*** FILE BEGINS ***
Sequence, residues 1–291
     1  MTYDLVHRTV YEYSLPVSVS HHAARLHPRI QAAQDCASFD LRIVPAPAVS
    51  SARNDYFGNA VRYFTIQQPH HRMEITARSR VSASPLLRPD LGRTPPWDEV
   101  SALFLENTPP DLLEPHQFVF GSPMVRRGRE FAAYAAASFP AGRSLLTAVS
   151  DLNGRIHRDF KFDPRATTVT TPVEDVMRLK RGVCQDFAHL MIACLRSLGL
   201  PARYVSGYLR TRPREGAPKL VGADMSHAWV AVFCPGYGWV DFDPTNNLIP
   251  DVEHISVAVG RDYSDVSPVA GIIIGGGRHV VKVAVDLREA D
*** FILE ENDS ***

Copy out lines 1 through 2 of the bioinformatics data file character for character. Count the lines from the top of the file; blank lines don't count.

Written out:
Sequence, residues 1–291
     1  MTYDLVHRTV YEYSLPVSVS HHAARLHPRI QAAQDCASFD LRIVPAPAVS